Rationally discussing the decades-long hostilities between Jews inhabiting Israel and Palestinians who resided on that land before creation of the Jewish state seems hopeless. Almost every educated person I know either believes that the Jews are cruel, militarized monsters when dealing with the Palestinians, or that the Palestinians spawn suicide bombers as part of a campaign to destroy Israel.
What novelist/journalist Ben Ehrenreich thought about the deadly hatred before 2011 is difficult to discern based on his new book, “The Way to the Spring: Life and Death in Palestine.” During 2011, he traveled to the disputed territory — much of the acreage between the Jordan River and the Mediterranean Sea — on an assignment for Harper’s Magazine. A year later, he returned on a separate assignment for the New York Times Sunday Magazine. He developed contacts among Palestinians, then immersed himself by turns in three Palestinian locales more or less under Israeli military control.
By the time Ehrenreich started writing this heartfelt book, he had decided that Israeli political and military leaders were monsters, cruelly ordering Jewish troops and civil servants to harass, oppress and sometimes murder Palestinians day after day.
Much of Ehrenreich’s conclusion is based on what he observed directly. The remainder derives from a copious amount of interviewing, as well as archival research and extensive reading of contemporary texts.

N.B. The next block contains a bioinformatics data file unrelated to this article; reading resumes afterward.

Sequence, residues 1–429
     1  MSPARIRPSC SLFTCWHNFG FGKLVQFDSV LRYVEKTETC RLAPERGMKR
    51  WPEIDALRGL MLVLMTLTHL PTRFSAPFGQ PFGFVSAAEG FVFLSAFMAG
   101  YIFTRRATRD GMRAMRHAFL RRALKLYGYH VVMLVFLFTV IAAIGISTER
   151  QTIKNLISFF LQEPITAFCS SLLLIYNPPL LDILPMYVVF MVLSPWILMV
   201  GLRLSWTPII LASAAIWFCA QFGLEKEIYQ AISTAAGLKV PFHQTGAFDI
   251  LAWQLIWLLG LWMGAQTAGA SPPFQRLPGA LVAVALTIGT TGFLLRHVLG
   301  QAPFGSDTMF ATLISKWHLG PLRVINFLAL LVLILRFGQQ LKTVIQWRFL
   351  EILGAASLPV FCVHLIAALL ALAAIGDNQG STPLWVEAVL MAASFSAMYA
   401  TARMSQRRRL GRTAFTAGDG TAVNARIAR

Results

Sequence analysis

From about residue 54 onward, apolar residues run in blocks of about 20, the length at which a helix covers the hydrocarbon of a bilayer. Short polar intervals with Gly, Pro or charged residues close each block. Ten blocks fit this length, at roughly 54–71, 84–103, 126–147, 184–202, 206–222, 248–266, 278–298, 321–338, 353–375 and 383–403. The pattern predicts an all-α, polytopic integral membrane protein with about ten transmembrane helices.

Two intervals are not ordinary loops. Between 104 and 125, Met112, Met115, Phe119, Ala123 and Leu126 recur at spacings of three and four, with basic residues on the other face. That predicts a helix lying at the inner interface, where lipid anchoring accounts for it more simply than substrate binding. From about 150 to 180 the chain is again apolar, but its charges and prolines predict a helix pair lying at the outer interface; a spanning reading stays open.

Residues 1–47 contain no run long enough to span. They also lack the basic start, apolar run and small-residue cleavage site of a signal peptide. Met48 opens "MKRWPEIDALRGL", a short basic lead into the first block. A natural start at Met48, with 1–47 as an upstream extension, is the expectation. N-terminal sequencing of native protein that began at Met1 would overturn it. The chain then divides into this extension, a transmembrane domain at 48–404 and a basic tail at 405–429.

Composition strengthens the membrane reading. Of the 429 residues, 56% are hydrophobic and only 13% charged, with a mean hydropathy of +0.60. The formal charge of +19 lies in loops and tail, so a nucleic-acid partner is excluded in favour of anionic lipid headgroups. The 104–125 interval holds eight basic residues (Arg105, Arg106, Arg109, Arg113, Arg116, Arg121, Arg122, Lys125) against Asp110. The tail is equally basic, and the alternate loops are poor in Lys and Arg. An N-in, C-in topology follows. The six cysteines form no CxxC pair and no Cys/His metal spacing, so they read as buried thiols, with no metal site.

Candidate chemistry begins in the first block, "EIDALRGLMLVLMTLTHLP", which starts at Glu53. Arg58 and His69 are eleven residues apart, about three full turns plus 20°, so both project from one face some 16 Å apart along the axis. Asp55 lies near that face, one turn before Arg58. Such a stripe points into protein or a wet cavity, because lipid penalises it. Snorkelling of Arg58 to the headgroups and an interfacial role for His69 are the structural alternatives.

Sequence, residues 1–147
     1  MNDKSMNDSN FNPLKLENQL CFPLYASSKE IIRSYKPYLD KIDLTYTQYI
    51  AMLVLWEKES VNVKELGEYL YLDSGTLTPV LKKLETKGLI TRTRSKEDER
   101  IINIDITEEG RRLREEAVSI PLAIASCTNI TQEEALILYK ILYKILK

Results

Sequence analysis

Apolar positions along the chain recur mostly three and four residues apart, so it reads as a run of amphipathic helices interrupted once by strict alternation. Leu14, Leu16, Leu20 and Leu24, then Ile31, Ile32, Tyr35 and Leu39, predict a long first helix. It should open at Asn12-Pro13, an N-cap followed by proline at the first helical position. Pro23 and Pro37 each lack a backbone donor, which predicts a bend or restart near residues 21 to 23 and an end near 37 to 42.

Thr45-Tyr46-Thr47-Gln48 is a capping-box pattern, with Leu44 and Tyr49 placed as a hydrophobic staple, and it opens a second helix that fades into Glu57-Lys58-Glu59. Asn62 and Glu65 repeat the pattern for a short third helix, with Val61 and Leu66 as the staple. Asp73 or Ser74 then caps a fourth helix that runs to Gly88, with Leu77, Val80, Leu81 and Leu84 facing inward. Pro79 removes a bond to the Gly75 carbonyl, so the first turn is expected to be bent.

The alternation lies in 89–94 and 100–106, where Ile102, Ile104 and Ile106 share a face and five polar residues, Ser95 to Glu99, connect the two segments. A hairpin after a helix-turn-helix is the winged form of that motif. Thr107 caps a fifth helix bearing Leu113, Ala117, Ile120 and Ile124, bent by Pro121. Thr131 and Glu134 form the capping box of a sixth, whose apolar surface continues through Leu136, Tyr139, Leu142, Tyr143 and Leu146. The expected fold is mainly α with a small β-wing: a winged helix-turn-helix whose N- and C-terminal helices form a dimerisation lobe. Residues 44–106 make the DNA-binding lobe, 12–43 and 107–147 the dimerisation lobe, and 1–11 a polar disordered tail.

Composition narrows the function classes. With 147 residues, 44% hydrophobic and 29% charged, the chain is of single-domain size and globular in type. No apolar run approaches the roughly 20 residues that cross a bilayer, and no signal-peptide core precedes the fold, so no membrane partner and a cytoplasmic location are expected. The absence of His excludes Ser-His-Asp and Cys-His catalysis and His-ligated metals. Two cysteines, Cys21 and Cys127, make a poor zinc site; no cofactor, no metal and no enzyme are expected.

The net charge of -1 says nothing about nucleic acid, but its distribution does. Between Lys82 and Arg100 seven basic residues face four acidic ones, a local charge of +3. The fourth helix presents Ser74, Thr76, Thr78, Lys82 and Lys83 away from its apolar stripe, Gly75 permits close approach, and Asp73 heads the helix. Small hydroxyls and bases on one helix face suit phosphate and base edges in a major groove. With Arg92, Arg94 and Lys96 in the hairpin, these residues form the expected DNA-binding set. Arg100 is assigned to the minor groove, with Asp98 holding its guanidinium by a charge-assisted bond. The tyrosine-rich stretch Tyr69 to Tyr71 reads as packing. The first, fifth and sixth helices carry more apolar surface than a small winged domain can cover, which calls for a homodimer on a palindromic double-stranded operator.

(To state my own predisposition before reading this book — I have long believed that Israelis and Palestinians share the blame for the hostilities, with the Israelis’ behavior in recent years becoming increasingly cruel. I am well acquainted with half a dozen Israelis and one Palestinian who have supplied me with their firsthand experiences during face-to-face conversations.)
At times, Ehrenreich attempts to understand and explain the Israeli/Jewish perspective, but such passages in the book are rare. He did not intend to offer any sort of balance. Whether the intentional imbalance resulted in a necessary exposé or an emotional screed must be left with each reader.
Speaking only for myself, I am grateful to have absorbed Ehrenreich’s accounts of time in the activist Palestinian West Bank village of Nabi Saleh, the Balkanized West Bank city of Hebron and the relatively calm Palestinian West Bank locale of Umm al-Kheir. I feel as if I am well acquainted with many of the adults and children he spent copious time with in those locales.
In addition, Ehrenreich shares poignant experiences from stays in Ramallah and Jerusalem.
I wish he had provided more material from Israelis, but as a reviewer I must accept his decision to write the book as he chose to write it, to alleviate what he perceives as an imbalance.
Steve Weinberg is writing a biography of Garry Trudeau. He lives in Missouri.
The Way to the Spring: Life and Death in Palestine
By: Ben Ehrenreich.
Publisher: The Penguin Press, 428 pages, $28